This semester I'll experimenting with an app called TagTime to track how I spend my time.


See this post from the creators1 for more details, but essentially the TagTime app provides an easy way for me to track how I'm spending my time. It pings me at random times (more on this later) at which time I record exactly what I'm doing through the use of tags. For example I'll have tags such as PhD for general school work, TA for my office hours and grading, ADA for my ADA project, hw for homework, etc.


As a graduate student, I have a lot of flexibility and independence in how I spend my time. While I greatly enjoy the freedom this brings, I also need to be vigilant to make sure that I am making good use of my time. As a statistician, the first step to deciding how I spend my time is to collect data 2.

I refuse to use a traditional approach such as keeping a journal or clocking in/out of tasks because I lack the dedication and attentiveness to maintain those types of records. I need something relatively automatic and effortless.

Because TagTime pings me, I have an instant reminder to keep up with the records. I don't expect I'll have to spend more than a few seconds recording my tags as I'm shooting for a big picture accounting of my time rather than a fine-grained record.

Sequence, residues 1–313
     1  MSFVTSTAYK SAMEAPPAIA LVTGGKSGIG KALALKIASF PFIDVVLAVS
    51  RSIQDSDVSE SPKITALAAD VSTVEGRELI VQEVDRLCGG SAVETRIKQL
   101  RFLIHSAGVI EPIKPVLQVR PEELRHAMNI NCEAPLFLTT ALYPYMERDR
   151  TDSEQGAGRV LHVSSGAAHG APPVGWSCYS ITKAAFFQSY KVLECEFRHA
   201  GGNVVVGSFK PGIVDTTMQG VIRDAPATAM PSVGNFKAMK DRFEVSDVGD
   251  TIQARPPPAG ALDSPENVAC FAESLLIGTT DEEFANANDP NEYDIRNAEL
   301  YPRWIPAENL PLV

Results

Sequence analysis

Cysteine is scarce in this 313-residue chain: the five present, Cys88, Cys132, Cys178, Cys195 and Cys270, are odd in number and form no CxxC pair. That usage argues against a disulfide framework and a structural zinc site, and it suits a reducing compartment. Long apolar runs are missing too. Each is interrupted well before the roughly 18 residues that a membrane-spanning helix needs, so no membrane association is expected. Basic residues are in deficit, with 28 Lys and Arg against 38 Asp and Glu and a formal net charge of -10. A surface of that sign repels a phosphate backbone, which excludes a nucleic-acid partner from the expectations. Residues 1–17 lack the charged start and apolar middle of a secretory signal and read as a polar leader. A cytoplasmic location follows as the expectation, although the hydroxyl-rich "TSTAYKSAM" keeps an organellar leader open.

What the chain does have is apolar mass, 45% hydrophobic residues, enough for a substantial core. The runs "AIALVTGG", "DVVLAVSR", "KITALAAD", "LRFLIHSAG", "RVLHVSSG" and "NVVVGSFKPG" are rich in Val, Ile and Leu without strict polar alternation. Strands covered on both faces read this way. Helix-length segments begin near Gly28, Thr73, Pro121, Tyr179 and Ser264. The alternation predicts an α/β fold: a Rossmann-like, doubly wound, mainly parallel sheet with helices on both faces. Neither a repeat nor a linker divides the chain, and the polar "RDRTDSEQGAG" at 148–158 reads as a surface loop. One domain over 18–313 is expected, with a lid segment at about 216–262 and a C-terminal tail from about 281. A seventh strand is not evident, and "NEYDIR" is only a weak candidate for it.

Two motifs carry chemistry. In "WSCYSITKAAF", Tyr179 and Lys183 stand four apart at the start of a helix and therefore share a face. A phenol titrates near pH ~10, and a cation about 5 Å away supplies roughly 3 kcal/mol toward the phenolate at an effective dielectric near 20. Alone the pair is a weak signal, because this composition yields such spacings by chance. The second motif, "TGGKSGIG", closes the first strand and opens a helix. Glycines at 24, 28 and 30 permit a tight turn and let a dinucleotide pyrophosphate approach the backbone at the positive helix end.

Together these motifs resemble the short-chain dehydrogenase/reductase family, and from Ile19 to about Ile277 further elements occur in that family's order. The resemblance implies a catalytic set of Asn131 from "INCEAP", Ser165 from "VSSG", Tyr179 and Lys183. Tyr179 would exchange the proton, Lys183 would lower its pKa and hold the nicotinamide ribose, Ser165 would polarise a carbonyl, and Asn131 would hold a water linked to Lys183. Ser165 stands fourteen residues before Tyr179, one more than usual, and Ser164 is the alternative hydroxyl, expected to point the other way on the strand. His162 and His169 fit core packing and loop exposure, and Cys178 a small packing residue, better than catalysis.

Statistical Background

Beyond the benefits to my productivity, I also greatly enjoy this tool because it appeals to my inner (and outer) stats geek.


The times between pings are drawn iid from an exponential distribution with a known rate. Thus the pings follow a Poisson process, which gives us the following interesting result.

See this paper for the proof, but the basic result is that the fraction of pings in which I'm performing a certain activity will converge in probability to the fraction of times I'm performing that activity 3. Thus I'll have a consistent estimate of the fraction of time I spend on each activity.

Confidence Intervals

The result above is nice, because it allows me to decide how to characterize uncertainty in my estimates. Since I'm fitting a sample proportion I'll use a binomial model for each of the tags.

Thus for my point estimate I'll have \(\hat{p}\) the fraction of times I observe a certain tag, with variance \(\hat{p}(1 - \hat{p})/N\).

Memoryless Property

Another cool aspect is that the exponential distribution is memoryless. In mathematical terms,

\[ \Pr(X > t + \epsilon \mid X > t) = \Pr(X > \epsilon) \]

which simply means that however long I've waited for a ping, the distribution of time I'll have to wait for the next ping is the same as it was at the start. This means I can't anticipate the next ping 4.

Future Musings

I'd like to think about how to incorporate known lengths of time into my estimates. For example, I know exactly how long my lectures and office hours run, so I should be able to measure that time with very little uncertainty.



These are the same brilliant minds that created Beeminder which you should check out


Obligatory business adage: "What gets measured, gets managed"


Technically, this is only the case if the fraction of the time I'm performing an activity converges in probability. However, I can get this convergence if I model my time as a regenerative process, basically treating my days (or more realistically weeks) as independent cycles.


Intellectually I know this to be the case, but I wonder if I'll still anticipate the pings anyways. I imagine the brain is wired to anticipate events as relatively few things in nature can be modeled as exponentials.